Sweet Tooth by Ian McEwan Publisher: Doubleday (November 2012). Literary fiction. Hardcover. 304 pages. ISBN: 978-0-385-53682-0.
Despite the exquisite prose and Ian McEwan’s remarkable writing talent, it took me a long time to finish this novel. At times the story dragged. Sweet Tooth felt outdated and strange. I’ve admired many works by McEwan includingSolar, The Cement Garden and Saturday. Perhaps it’s the subject matter. 1970s. MI5. Cold War. Anti-communism. Cultural wars. Or that his heroine ends up being not much of one at all. She’s an object. A sex object. An object for the reader and for the writer. Can we like her or root for her success? Particularly when she’s set up with nowhere to go?
“The Cold War was upon us. The world had arranged itself into hostile camps. I wasn’t alone in thinking the way I did. However grotesque its abuses, let the Soviet Union be similarly armed. Let small minds accuse him of unpatriotic betrayal, the rational man for global peace and the continuance of civilization.”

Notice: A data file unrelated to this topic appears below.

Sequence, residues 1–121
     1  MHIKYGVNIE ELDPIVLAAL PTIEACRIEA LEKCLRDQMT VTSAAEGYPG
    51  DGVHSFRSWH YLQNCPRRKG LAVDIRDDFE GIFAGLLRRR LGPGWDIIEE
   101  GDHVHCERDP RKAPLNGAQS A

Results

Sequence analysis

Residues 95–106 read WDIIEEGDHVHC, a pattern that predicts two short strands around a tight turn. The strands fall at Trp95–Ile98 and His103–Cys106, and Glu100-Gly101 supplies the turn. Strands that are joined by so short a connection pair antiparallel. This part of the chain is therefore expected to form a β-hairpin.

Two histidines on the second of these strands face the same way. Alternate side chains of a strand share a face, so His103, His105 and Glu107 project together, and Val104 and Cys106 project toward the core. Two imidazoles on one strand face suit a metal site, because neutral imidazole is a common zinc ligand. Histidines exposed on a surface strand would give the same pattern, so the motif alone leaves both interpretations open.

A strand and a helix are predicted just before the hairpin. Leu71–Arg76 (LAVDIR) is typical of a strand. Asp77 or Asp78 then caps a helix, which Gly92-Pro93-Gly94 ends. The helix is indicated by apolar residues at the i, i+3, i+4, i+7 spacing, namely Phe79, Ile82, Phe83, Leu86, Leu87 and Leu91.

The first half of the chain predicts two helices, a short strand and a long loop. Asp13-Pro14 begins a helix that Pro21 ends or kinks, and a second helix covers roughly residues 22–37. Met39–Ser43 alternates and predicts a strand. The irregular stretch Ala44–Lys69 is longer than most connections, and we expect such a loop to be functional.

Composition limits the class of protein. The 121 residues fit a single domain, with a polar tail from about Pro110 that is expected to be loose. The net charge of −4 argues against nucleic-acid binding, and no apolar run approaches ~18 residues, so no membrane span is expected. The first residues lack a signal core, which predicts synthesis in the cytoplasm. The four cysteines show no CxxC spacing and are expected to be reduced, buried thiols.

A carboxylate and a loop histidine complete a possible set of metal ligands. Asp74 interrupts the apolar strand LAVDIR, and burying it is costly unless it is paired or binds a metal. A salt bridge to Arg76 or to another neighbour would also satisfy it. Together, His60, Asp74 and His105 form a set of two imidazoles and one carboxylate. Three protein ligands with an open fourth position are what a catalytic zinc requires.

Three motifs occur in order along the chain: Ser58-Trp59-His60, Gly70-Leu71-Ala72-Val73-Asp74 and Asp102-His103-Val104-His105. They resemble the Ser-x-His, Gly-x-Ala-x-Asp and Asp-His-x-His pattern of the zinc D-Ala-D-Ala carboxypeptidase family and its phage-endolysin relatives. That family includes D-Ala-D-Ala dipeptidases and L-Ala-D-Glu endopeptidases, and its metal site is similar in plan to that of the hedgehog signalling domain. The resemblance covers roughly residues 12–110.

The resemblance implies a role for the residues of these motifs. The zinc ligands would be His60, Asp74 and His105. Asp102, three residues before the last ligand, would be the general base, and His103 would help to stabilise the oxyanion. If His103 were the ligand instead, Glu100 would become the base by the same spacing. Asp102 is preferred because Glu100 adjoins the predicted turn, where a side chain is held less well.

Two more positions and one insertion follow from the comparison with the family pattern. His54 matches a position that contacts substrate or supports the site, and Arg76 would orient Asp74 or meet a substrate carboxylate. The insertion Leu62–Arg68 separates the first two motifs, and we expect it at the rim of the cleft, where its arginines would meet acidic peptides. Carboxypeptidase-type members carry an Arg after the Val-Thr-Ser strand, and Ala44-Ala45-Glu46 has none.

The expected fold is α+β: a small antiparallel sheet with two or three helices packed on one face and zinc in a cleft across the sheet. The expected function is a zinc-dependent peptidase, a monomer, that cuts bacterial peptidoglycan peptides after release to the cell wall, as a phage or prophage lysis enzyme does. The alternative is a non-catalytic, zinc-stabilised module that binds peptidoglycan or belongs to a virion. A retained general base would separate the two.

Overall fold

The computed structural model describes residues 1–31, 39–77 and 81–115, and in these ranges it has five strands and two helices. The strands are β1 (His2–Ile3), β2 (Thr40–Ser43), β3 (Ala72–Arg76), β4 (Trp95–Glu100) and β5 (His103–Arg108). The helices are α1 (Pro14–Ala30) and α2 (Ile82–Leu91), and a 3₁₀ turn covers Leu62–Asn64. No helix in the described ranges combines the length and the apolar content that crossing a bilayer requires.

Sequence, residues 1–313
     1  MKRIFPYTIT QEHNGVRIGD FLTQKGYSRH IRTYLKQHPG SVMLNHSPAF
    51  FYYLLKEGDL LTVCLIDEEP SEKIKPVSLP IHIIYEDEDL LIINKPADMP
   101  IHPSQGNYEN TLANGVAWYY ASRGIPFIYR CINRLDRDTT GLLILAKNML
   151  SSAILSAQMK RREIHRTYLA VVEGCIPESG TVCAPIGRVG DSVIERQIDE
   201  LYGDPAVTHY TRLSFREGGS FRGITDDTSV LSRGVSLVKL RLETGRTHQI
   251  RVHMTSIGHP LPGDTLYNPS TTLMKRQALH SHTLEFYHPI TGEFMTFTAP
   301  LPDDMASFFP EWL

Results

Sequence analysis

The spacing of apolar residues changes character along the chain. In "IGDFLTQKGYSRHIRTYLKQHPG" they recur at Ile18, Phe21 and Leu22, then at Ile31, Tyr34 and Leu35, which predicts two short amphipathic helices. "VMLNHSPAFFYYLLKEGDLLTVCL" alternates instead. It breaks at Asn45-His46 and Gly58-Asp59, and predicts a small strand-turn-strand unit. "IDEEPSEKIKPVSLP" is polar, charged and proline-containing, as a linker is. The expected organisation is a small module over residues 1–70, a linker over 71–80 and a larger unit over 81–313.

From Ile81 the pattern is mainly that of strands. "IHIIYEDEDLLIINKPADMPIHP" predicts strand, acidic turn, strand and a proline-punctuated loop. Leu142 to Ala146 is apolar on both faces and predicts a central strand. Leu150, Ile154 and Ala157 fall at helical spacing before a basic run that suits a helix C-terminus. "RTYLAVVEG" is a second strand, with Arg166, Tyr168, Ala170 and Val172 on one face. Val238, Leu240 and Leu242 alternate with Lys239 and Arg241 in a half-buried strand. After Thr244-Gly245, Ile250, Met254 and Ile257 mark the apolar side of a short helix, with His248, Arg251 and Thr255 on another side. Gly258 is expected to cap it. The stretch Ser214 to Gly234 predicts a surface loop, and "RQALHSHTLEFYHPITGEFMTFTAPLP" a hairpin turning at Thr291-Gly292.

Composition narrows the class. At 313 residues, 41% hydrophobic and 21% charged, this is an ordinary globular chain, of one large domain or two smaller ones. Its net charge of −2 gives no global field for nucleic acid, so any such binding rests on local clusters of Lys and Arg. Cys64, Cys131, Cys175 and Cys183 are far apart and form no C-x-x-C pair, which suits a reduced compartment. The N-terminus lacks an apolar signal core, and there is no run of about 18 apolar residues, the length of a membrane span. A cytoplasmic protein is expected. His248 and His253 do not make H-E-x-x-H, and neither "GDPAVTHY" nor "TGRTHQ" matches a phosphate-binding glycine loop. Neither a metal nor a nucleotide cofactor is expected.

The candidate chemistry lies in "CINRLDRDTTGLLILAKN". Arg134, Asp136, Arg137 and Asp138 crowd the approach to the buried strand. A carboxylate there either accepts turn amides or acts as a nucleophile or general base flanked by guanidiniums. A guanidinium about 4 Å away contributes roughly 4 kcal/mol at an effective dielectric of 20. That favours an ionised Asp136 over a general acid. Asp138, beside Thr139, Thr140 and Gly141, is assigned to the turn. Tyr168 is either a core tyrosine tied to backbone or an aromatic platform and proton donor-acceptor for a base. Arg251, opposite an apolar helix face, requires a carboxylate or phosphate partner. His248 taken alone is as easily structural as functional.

MI5 recruits beautiful Cambridge mathematics student Serena Frome into a low-level clerk position with little chance for advancement. She’s not much for math but devours novels by Muriel Spark, A.S. Byatt and Doris Lessing. Due to her literary prowess, she’s tapped for a project called “Sweet Tooth”– England wants to fund writers whose politics align with the government. She recruits a writer named Tom Healy and quickly becomes intimately involved with him. She quietly endures her filing duties for amorous weekends in Brighton.
McEwan confusingly includes Healy’s short stories, mostly suffocating morality tales, into the novel. There’s much said about Serena’s looks and relationships with older men. Her younger sister’s jealous. Her mom’s impressed by her independence. McEwan takes the facile and predictable scheme for Serena and Tom to personally connect. The woman as siren. The woman as seductress. Intelligence using the woman. The novelist using the woman. The woman out-of-place in the world of defense, international intrigue and global warfare. Sweet Tooth left me feeling a bit empty and disappointed.
FTC Disclosure: I received this for review from the publisher.